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Hover or click each green location marker to learn more about the History of Sheboygan Falls.

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Hover or click each green location marker to learn more about the History of Sheboygan Falls. For best viewing, tilt your phone horizontally.

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The Cole Historic District is one of the few remaining historic districts in the state of Wisconsin to display the early development of a Wisconsin community from the 1830s and 1840s. The district's two residences, mill house and hotel, built between 1837 and 1848 in Greek Revival style, were owned by pioneer settler and entrepreneur Charles D. Cole. After the construction of the Sheboygan River bridge in 1839, this area declined and the City of Sheboygan Falls developed on the west side of the river.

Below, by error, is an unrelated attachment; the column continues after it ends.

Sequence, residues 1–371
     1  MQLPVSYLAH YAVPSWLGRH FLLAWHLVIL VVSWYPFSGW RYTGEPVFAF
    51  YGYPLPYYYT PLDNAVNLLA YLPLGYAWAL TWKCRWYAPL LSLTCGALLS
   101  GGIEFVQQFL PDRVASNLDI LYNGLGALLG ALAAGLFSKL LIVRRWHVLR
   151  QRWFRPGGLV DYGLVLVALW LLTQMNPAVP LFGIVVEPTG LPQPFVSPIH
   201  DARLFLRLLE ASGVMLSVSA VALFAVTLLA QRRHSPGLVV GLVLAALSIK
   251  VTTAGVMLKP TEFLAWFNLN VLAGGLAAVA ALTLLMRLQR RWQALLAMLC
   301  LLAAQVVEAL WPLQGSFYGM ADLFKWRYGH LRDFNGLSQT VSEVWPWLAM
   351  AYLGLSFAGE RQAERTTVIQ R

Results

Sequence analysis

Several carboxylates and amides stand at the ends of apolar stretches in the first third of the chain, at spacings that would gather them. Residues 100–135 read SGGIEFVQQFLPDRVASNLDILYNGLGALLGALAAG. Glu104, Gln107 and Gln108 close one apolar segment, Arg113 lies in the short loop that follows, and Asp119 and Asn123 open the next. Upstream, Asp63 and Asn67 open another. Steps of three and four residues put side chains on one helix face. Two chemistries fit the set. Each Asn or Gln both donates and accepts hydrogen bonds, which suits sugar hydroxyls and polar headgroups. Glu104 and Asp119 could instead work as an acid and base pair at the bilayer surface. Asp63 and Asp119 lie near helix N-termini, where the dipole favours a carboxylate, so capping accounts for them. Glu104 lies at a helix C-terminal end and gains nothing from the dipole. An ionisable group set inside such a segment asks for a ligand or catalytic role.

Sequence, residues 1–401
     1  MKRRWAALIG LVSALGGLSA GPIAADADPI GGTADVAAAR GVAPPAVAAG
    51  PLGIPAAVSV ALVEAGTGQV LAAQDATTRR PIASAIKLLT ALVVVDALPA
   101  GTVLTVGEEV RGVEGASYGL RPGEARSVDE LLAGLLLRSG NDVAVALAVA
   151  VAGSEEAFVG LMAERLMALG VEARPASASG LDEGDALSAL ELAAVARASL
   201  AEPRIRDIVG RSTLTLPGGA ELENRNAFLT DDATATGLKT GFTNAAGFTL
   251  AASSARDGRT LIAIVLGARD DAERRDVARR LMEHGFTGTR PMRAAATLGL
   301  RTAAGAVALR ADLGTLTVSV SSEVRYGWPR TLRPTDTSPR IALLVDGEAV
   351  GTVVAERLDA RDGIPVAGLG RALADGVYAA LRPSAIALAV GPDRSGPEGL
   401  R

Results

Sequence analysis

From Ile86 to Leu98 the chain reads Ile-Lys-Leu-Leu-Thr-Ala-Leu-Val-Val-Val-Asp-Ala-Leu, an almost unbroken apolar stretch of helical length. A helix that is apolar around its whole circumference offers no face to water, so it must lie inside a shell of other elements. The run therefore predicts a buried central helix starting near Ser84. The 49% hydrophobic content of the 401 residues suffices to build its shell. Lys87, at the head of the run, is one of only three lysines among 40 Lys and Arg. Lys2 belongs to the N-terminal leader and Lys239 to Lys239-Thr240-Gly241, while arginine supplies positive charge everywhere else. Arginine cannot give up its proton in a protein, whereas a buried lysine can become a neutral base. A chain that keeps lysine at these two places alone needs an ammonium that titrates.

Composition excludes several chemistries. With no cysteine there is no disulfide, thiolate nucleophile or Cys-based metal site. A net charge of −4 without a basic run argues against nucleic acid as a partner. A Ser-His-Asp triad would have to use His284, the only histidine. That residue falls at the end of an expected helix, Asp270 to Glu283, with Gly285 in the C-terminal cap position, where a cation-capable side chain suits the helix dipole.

The Cole Historic District is one of the few remaining historic districts in the state of Wisconsin to display the early development of a Wisconsin community from the 1830s and 1840s. The district's two residences, mill house and hotel, built between 1837 and 1848 in Greek Revival style, were owned by pioneer settler and entrepreneur Charles D. Cole. After the construction of the Sheboygan River bridge in 1839, this area declined and the City of Sheboygan Falls developed on the west side of the river.

In 1868, one of the most disastrous fires in Falls history occurred.  This blaze consumed several businesses on the east side of Broadway, one block north of the railroad.  Many buildings were destroyed.  The following are examples of businesses that were built in the "Burnt District".

As you complete your River Walk stroll at the Broadway Street Bridge continue south along Broadway towards the downtown and experience one of the finest downtown riverfront parks in Wisconsin.  Completed in 2002 with nearly $800,000 in donated private funding, this beautiful park sits on the site of the original Bemis Mfg. Plant B. Donated by Bemis for a city park, it offers direct access to the most picturesque parts of The Sheboygan River and the dam site.  Offering winding lanes to stroll, as well as benches and a gazebo to rest and reflect on the beauty of nature.